Employers are facing a demographic tidal wave over the coming decades as caring for elderly relatives replaces childcare as the major work / life issue for their increasingly stressed employees.
Changing demographics and an ageing population will create the first generation of employees expected to spend more years responsible for the care of ageing parents than their own children, according to a report by HR consultants Ceridian Centrefile.
This 'sandwich generation' – those who are squeezed between responsibilities for young children and elderly parents – is already a reality, it argues, and the looming impact to business will be enormous by 2020.
The future outlined in Surviving and Thriving in the Future World of Work is one in which more and more employees will find themselves sandwiched and under stress. Indeed by 2020, it predicts that the cost of absenteeism due to stress is likely to triple.
The problem is already affecting one in four employees in the United States, where productivity lost to caregiving is estimated to cost business up to $29 billion a year. By 2010 those employees are expected to cost up to $2,500 each in lost productivity, lost work time and stress-related illness.
In the UK, one in four employees – equally numbers of men and women – provide on average more than 11 hours of informal, unpaid care per week for an older parent or relative.
The potential cost of this growing burden to UK business is already evident. Official statistics show that there are already around four million carers in the UK combining work and care and many others who keep their extra responsibilities from their employers.
But by 2037, the report estimates, demographic changes mean that the number of carers could rise to 9.1 million.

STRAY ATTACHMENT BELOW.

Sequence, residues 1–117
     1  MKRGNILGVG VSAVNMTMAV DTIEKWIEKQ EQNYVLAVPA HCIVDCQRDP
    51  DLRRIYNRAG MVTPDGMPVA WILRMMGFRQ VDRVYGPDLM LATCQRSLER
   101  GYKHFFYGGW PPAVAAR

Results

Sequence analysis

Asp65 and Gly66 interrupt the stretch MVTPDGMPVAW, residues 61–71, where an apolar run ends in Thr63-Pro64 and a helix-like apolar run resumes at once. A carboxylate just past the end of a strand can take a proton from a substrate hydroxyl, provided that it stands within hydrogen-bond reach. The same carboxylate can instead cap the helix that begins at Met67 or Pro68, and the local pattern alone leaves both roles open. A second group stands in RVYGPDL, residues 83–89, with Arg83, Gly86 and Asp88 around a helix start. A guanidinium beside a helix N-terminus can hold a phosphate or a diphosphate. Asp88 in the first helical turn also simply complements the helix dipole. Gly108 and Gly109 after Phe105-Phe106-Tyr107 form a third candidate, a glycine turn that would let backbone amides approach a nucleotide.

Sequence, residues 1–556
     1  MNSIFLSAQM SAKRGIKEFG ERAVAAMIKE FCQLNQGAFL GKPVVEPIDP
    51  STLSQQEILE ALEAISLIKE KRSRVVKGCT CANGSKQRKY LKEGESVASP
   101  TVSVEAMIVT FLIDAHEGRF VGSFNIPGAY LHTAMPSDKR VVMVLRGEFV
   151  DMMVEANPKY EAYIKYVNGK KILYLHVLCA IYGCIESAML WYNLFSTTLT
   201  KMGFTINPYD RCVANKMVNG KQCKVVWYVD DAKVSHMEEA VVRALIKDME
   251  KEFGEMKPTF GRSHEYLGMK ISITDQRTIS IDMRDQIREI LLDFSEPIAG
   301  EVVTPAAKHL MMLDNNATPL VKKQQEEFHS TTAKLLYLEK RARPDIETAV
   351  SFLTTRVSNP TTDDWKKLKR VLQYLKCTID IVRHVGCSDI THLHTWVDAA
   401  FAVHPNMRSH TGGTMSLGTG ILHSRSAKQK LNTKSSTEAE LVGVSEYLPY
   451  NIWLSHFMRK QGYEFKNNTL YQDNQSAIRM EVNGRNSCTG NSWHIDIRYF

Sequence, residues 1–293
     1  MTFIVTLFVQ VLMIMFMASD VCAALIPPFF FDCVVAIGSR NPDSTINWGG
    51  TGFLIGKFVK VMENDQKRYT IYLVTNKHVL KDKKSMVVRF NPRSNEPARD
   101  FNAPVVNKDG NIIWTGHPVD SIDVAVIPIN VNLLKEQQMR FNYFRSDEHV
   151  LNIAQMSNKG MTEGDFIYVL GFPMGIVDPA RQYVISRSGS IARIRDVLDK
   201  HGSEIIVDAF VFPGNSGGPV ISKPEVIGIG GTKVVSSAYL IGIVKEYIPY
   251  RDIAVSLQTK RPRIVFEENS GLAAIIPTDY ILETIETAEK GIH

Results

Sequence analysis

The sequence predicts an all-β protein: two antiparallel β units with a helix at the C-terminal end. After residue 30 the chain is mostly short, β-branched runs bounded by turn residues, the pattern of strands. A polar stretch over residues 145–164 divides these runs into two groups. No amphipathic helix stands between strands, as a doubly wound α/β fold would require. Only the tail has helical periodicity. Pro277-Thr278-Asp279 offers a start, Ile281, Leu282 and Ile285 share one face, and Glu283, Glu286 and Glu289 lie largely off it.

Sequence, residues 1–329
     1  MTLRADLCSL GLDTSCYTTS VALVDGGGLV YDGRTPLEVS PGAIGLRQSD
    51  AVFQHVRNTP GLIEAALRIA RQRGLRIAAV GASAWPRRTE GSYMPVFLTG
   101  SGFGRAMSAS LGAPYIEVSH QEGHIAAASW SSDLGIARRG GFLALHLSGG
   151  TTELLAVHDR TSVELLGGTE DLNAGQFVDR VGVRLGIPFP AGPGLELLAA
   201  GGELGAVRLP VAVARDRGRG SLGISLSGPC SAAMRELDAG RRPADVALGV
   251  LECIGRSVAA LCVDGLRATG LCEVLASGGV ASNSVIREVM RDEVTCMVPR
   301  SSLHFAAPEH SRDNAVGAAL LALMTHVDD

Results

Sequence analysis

"Caring responsibilities are already moving in two directions up and down the family tree – not only down to children, but up to the ageing parents of working people”, according to Ceridian’s managing director, Penny de Valk.
"In the future workplace, eldercare will be a dominant work/life issue. Employers need to include the eldercare needs of employees in their work/life strategies now or risk a generation of workers who will cost their businesses billions in lost productivity and stress."
Eldercare issues can be sudden, creating unexpected and unplanned pressures on the individual. And while the responsibility for caring tends to fall more heavily on one partner, eldercare is not just an issue for women.
By 2006, women are expected to make up more than half (56 per cent) of the workforce, suggesting that an increasing number of men will have responsibility for looking after elderly parents without a non-working partner to lend support.
And as more people choose to have children later, the future workforce may find that eldercare affects them at difficult moments in their careers – just when they have taken on more responsibility.
However the new demographic reality will also mean that employers will increase their focus on strategies designed to retain older workers; there will be a greater war for talent at the top end of the youth market
With a shrinking workforce, businesses will be radically redesigning work to unlock productivity and replacing reliance on long-hours with a model of empowerment through training and development.
Improved technology will also deliver a death-blow to presenteeism: there will be an increase in virtual working and an individual's output – rather than their attendance at an office – will be what counts.
But despite this, employers will still need to become much more accommodating of their staff's concerns, says Penny de Valk.
"Successful employers will understand that each employee comes to work every day with a head full of domestic concerns. Winning employers won’t merely speak fluent ‘flexibility’, they will make it a reality for each individual worker."